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Mural inflammation has been shown to contribute to the development of plaque, with the αVβ3 integrin highly expressed in atherosclerotic plaques. We herein examined αVβ3 integrin expression as a function of carotid atherosclerosis formation in the apolipoprotein E-deficient (apoE−/−) mouse.
Constrictive collars were placed around the left common carotid arteries of apo E−/− mice maintained on a high-fat diet (n = 14). Before and 21 days following collar placement, in vivo serial magnetic resonance imaging (MRI) measurements of the carotid aortic diameter were performed using a 7T magnetic resonance (MR) scanner. Near- infrared fluorescence (NIRF) imaging was performed (n = 6) using an in vivo imaging system 0–24 hours following administration of 1.0 nmol c(RGDyK)-Cy5.5 via the tail vein. A competition experiment was performed by the co-injection of a saturating dose of bicyclic RGD peptide H-Glu[cyclo(Arg-Gly-Asp-D-Tyr-Lys)]2 (n = 3). Following image acquisition and sacrifice at 24 hours after injection, carotid arteries were harvested for histological analyses. Neointima formation and arterial remodeling in the carotid arteries of apoE−/− mice were induced by the placement of a constrictive collar. Significantly greater fluorescent signals were obtained from constrictive collar left common carotid arteries as compared to uninvolved aortic segments in constrictive collar mice. Binding to stenotic lesions was efficiently blocked in competition experiments. Immunostaining confirmed the presence of mural αVβ3 integrin expression in macrophages in the neointima. Signal intensity increased in a macrophage density-dependent fashion in the stenotic segments.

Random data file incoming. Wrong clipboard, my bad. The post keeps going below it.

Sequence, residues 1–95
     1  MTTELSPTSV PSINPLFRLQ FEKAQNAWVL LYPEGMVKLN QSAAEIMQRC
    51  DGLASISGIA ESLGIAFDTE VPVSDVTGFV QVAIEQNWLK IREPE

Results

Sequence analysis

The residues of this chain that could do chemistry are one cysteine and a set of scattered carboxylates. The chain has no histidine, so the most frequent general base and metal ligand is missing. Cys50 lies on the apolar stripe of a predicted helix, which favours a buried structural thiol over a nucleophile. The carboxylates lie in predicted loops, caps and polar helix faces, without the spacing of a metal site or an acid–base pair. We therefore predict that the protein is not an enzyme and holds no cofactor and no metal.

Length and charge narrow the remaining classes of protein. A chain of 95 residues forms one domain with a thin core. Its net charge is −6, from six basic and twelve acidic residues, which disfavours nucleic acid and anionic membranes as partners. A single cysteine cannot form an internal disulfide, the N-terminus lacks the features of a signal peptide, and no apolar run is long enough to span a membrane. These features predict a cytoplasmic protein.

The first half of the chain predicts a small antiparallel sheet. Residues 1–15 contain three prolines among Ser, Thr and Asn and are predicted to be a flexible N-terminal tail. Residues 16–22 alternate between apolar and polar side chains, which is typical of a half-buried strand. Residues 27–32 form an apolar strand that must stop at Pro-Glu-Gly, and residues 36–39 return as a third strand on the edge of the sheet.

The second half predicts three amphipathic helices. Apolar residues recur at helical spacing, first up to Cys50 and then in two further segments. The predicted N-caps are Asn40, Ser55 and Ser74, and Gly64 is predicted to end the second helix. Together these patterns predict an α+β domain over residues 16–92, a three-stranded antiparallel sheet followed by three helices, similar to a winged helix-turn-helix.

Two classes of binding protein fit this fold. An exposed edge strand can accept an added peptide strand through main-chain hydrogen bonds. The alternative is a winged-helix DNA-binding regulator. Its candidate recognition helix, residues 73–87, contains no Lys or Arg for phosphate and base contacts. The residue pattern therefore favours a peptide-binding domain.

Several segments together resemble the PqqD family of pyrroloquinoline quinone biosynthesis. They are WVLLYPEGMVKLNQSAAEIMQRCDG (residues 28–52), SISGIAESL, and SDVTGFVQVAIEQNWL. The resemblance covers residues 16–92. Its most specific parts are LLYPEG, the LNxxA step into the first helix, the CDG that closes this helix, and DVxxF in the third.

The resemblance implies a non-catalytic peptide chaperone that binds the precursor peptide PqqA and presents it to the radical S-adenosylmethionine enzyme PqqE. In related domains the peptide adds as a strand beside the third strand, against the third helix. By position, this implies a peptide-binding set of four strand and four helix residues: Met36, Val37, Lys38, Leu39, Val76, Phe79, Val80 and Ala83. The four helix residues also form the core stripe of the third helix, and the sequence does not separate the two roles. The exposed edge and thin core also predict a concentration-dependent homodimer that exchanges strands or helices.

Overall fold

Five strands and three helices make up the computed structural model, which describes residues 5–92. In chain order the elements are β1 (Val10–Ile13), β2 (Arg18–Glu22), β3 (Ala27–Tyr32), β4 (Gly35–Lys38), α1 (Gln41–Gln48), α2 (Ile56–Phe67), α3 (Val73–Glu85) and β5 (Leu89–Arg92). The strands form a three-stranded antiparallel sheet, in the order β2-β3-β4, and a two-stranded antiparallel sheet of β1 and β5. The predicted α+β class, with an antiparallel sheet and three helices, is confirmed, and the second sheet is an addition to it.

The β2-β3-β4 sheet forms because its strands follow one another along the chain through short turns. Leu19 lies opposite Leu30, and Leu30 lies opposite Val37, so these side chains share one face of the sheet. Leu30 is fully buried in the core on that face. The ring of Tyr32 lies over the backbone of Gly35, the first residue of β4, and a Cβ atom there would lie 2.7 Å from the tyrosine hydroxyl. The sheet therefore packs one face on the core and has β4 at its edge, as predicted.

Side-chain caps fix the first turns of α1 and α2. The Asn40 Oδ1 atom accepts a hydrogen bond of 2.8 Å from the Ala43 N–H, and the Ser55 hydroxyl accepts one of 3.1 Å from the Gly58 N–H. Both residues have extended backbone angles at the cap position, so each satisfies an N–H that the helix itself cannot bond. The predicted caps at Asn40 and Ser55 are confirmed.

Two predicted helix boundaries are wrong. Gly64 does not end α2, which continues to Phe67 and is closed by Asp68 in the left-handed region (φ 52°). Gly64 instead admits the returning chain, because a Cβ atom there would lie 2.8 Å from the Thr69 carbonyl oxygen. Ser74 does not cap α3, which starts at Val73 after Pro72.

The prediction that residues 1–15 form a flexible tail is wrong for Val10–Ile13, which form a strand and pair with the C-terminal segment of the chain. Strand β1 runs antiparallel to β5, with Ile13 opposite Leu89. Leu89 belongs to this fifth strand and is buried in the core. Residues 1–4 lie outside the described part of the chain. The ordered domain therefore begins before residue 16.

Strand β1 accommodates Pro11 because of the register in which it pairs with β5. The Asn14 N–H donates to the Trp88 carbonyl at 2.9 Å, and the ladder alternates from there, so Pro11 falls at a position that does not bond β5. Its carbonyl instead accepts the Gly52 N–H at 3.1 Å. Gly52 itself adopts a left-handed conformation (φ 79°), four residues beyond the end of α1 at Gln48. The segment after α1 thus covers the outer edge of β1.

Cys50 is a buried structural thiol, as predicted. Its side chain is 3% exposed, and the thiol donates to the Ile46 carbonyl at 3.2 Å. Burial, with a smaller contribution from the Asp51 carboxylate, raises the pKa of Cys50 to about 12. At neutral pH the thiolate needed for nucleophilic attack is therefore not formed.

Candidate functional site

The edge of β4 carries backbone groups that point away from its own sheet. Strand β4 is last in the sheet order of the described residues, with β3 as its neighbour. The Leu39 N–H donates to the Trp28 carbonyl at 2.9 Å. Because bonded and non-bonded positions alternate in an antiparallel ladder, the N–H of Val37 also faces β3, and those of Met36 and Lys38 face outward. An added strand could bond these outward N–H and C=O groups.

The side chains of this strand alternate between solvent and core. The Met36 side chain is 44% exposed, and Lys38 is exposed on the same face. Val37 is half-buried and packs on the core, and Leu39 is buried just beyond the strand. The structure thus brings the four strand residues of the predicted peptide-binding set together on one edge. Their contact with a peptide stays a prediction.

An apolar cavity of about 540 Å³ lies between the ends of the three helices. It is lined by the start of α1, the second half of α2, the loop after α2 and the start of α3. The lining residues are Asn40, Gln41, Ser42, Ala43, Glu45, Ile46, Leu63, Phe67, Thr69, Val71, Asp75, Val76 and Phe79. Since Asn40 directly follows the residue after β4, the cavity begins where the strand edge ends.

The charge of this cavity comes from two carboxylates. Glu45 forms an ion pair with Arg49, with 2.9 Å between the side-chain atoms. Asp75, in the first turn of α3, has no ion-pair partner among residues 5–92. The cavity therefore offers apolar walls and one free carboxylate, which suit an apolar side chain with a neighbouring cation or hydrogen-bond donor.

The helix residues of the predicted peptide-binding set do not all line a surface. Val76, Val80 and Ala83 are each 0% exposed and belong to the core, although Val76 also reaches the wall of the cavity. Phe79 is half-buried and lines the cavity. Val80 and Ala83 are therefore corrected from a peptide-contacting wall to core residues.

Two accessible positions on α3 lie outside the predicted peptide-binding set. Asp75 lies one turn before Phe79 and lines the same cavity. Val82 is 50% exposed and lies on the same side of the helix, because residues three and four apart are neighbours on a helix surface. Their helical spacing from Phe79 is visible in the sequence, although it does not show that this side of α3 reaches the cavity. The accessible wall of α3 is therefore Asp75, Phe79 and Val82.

Mural αVβ3 integrin expression, as determined using RGD-Cy5.5 near-infrared optical imaging, was increased in carotid arteries with constrictive collars in experimental mice. This expression can estimate the macrophage-bound inflammatory activity of atherosclerotic lesions.
Atherosclerosis is considered an inflammatory disease.1 Various adhesion molecules, inflammatory cytokines, and chemokines are involved in the early initiation of atherosclerotic lesions by the recruitment of monocytes/macrophages into the subendothelial space, which is essential for the initiating stages of atherosclerotic lesion development.2